Woodard's two eldest children, Taylor and T.J., check in new arrivals as other family members slap vinyl decals on the cars lining up along Bearcat Alley for this year's Van Riper Woodard Family Foundation charity road rally.
Finally, at precisely 8:56 a.m., Woodard waves the green flag for the team from public broadcaster WFYI, which drew the pole position. The other teams depart one by one, every 60 seconds.
For the next eight hours, the competitors will make their way through a 200-mile course that winds southeast along country roads to Batesville and back to Indianapolis. Along the way, they'll decipher a series of clues in hopes of winning the $10,000 top prize.
But the annual event also has a payoff for Woodard-teaching his family about the importance of philanthropy.
He's far from alone in trying to instill such values in the younger generation. With studies suggesting a stunning $41 trillion of wealth will transfer from one generation to the next in the coming 50 years, more philanthropists are exploring ways to pass along their ideals as well as their money.
Indeed, family foundations are increasingly common, with as many as 30,000 operating in the United States, according to estimates from the National Center for Family Philanthropy. That's a big jump from the 18,275 identified by NCFP and the Foundation Center in 1998.
Not-for-profits hoping for a slice of the largesse are responding to the trend, adopting intergenerational strategies so they'll be ready when potential donors reach that inevitable fork in the road.
Central Indiana Community Foundation, for example, organizes workshops for families to teach young people about the power of giving. Women's Fund of Central Indiana offers a mother-daughter program at the Julian Center. And Woodard's foundation puts on the road rally.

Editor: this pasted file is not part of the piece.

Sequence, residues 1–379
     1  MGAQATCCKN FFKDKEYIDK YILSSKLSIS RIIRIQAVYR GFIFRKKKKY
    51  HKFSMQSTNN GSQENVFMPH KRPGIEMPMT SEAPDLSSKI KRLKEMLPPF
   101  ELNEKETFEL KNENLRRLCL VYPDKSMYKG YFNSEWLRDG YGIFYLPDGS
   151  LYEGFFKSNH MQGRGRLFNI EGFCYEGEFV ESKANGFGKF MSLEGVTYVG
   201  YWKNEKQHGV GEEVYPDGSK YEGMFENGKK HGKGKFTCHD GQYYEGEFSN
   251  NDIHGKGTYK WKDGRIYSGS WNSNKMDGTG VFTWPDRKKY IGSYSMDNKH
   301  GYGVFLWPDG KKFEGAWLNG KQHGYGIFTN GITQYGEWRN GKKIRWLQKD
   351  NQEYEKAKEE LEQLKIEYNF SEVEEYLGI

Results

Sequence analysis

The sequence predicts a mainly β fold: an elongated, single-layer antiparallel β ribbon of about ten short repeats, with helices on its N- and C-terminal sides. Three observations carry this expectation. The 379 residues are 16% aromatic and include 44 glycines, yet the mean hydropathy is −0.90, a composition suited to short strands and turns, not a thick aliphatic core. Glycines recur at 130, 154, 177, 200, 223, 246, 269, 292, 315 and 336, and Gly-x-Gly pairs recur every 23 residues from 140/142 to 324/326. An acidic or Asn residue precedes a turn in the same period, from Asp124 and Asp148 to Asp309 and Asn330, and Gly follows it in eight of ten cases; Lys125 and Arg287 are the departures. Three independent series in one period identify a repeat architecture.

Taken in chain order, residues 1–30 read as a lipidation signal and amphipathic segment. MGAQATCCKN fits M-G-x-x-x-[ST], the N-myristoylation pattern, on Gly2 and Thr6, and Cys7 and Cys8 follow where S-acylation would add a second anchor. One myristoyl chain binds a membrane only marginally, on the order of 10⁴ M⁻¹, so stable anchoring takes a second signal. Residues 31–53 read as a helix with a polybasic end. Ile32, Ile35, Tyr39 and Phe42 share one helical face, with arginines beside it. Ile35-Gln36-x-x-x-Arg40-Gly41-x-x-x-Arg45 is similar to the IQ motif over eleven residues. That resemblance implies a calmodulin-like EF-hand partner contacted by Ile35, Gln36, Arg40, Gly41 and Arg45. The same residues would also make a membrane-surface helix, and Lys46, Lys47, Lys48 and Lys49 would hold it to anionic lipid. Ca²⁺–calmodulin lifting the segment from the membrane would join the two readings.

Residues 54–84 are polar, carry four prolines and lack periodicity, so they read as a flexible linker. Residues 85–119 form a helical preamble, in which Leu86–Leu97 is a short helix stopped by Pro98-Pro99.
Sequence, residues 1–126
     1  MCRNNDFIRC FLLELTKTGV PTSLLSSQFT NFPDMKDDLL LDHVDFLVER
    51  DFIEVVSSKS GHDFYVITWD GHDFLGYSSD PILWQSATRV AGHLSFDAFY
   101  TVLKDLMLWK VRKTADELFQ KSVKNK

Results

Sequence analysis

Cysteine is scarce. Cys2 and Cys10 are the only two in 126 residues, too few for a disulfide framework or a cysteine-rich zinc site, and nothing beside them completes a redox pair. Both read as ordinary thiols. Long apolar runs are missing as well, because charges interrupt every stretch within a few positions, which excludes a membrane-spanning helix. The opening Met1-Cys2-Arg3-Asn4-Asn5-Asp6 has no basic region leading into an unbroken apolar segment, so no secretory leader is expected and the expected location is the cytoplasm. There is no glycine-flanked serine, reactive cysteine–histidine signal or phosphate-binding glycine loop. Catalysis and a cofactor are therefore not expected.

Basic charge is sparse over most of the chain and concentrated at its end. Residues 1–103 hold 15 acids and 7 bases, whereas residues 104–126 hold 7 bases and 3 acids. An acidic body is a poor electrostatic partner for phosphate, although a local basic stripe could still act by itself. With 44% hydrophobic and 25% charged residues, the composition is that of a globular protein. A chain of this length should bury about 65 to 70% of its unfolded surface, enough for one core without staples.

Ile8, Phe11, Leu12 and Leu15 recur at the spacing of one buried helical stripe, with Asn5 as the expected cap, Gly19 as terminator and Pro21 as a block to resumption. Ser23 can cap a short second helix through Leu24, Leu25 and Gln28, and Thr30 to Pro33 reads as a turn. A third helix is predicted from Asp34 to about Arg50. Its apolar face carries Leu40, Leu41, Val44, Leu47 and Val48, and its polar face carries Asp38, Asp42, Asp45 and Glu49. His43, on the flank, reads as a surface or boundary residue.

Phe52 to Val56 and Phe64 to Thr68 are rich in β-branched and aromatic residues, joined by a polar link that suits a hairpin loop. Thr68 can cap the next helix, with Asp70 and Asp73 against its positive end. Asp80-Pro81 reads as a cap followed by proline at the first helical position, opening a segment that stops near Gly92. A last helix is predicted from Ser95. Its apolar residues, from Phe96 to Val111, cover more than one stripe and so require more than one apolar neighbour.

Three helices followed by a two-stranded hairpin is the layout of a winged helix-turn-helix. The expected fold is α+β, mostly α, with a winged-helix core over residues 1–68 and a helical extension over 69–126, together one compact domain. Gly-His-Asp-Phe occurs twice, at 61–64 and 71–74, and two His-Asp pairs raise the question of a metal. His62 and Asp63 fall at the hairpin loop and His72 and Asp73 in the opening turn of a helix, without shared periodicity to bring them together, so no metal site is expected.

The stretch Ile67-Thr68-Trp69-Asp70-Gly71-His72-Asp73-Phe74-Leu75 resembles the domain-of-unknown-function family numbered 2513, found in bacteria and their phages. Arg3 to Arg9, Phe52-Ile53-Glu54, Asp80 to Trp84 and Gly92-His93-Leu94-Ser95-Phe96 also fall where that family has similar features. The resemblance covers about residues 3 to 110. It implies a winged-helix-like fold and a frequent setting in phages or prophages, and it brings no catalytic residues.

Woodard, 57, started the event in 2002 after a trip to New York with The Children's Museum of Indianapolis, which he supports. He hopes the rally forges similar bonds among his family and participating charities.
"I became personally involved with the museum," Woodard said. "That made a difference in my gift giving to them. Passive giving isn't enough."
His family is deeply involved in the road rally, choosing the charities invited to participate, spending time with them before, and handing out prize money at an awards dinner they all attend.
The experience has much more impact than simply writing a check, Woodard said.
And they're off
When the last team leaves the Stutz, Taylor and T.J. and their cousins, Laura and Nan Ruby, pile into their own car to run the course and check the answers. The four, who range in age from 18 to 26, will be back in time for dinner.
Thirteen-year-old Whitney, the youngest of the next-generation Woodards, is already on the road with her mother, Diane, hurrying to beat teams to the first checkpoint. The rally isn't really a race, but teams stop periodically to get new clues. The one with the most answers at the end wins.
Even so, first-out WFYI wants to stay ahead of the pack. Since its team won the inaugural road rally, newbie driver Michael Sharp and veteran navigator Richard Miles are hot to win again. Maps, binoculars and a camera are within easy reach.
Once they're cruising east on Interstate 70, Miles reads off the first few clues.
"Shadeland Avenue is exit number what?" he calls out. "Hancock what? What's the phone number for Mark's RV?"
Sharp avoids letting his brake lights signal that he has spotted an answer, easing up on the gas as he passes a sign indicating he's crossed into Hancock County-the answer to one clue.
But the strategy doesn't always work. He and Miles have to stop and use binoculars to read a phone number on a far-off billboard, and another team pulls up behind. An opponent scribbles on her sheet as she smiles and waves to Miles and Sharp.
Competition is fierce, but friendly.
By the time they get to Whitney and her mom in Rushville, where they must trade their answer sheet for the next list of clues, a half-dozen teams are ahead of them.
Instilling philanthropic values
Breast cancer awareness group Y-Me was among the early leaders, not a huge surprise since it won the rally two years ago. Executive Director Debbie Buckler is optimistic the agency's participation will continue to pay dividends.